Tuesday, December 31, 2013

This is your brain on Barth

I'm going to comment on this post by Steven Nemes:

I believe Nemes is currently a Barthian universalist. There are many problems with his analysis of John:

i) He ignores Johannine dualism, which is present in both the Gospel of John and 1 John. We can depict this in terms of three overlapping circles. In the center is the world. The elect intersect with the world on one side, while the reprobate intersect with the world on the other side. 

Nemes is oblivious to the subtleties of kosmos in Johannine usage. He seems to think this is a universal expression. Yet that fails to take into account the way John often sets "the world" in antithetical contrast to believers. But if the world encompasses everyone, then there's no room for contrast.

ii) As we see in the prologue, Christ enters a world that isn't open to the Gospel, or even neutral. Rather, the world of the Jews and Gentiles is already hostile to its Creator. In the Fourth Gospel, Christ has many personal encounters, both with individuals and groups. The reaction to Christ exposes a preexisting rift, a predisposition to shrink from the light and withdraw into the shadows. The open revelation of God in Christ has a hardening effect on many.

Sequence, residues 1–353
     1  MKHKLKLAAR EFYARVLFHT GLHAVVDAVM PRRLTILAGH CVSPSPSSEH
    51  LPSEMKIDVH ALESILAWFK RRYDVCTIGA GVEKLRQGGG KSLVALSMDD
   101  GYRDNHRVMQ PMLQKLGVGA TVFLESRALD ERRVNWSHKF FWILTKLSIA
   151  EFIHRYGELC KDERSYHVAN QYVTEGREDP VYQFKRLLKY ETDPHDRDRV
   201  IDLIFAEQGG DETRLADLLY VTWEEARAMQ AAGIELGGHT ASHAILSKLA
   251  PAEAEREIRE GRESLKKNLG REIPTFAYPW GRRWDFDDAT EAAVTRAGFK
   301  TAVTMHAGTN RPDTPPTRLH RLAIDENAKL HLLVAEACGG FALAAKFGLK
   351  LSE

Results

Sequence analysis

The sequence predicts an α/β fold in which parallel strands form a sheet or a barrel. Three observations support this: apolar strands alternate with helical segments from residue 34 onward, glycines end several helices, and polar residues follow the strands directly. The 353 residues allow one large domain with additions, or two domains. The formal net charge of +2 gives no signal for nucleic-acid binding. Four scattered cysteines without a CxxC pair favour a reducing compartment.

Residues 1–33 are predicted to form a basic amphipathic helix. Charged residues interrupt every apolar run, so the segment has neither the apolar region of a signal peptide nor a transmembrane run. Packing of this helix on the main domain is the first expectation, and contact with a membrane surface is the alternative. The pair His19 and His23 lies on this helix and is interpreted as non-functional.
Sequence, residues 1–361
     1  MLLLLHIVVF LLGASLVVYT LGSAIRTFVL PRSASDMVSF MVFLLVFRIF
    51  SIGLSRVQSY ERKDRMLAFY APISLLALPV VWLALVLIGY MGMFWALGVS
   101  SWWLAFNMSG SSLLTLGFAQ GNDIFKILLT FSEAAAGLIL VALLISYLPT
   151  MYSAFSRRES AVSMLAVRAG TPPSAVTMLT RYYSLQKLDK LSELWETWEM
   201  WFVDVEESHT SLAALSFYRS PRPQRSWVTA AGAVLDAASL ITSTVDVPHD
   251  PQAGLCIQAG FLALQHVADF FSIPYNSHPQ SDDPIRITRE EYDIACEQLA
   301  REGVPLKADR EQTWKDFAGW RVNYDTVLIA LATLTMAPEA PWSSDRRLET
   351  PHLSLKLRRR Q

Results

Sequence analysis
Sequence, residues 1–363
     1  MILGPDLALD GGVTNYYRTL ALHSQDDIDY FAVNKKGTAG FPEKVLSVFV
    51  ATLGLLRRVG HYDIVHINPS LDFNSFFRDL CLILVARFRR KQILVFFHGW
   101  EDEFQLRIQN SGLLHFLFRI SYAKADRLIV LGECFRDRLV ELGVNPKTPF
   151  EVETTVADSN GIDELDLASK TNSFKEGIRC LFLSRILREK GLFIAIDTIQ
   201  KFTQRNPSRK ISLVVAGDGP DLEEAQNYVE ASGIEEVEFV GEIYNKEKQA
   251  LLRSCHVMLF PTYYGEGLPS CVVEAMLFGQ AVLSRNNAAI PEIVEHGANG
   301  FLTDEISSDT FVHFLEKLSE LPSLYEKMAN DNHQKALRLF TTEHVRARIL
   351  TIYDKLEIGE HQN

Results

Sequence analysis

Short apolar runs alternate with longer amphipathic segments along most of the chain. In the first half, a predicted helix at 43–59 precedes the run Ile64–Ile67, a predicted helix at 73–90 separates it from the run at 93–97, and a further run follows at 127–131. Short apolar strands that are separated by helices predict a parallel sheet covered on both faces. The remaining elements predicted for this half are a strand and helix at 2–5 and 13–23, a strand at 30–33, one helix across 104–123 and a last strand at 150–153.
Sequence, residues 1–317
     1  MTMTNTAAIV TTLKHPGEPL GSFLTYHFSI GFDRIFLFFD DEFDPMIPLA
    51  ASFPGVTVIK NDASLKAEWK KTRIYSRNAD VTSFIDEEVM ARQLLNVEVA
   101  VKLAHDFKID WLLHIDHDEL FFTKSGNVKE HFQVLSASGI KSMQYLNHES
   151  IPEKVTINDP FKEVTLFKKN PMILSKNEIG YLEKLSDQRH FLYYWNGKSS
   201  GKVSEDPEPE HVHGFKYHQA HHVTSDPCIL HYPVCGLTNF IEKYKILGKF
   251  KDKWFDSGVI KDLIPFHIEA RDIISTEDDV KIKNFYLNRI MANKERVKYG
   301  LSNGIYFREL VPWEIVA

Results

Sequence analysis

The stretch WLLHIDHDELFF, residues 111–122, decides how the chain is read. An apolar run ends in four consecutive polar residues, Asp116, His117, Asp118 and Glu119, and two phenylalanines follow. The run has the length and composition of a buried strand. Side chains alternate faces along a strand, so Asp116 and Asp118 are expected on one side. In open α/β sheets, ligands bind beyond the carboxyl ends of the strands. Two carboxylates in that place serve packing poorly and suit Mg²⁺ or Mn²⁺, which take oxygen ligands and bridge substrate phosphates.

iii) But some individuals respond in faith. Their positive response also exposes a preexisting mindset. The differential factor is the Father's choice and the Spirit's renewal. 

Both faith and disbelief are effects of something more ultimate. Unbelievers reveal their diabolical paternity while believers revealed their divine paternity. Children of God and children of Satan. 

Left to their own devices, everyone would be under the spell of Satan. Only the Spirit can break the diabolical spell. 

As the Good Shepherd, Christ comes to rescue lost sheep who were marked out for salvation by the Father antemundane election. Like branded sheep who've strayed. The Son comes into the world from outside the world, to implement a redemptive plan which conceived outside the world. Before creation.  

Cf. A. Köstenberger, A Theology of John's Gospel and Letters, 458-64; J. Ramsey Michaels, The Gospel of John, 40-42. Herman Ridderbos, The Gospel of John, 46-47. 

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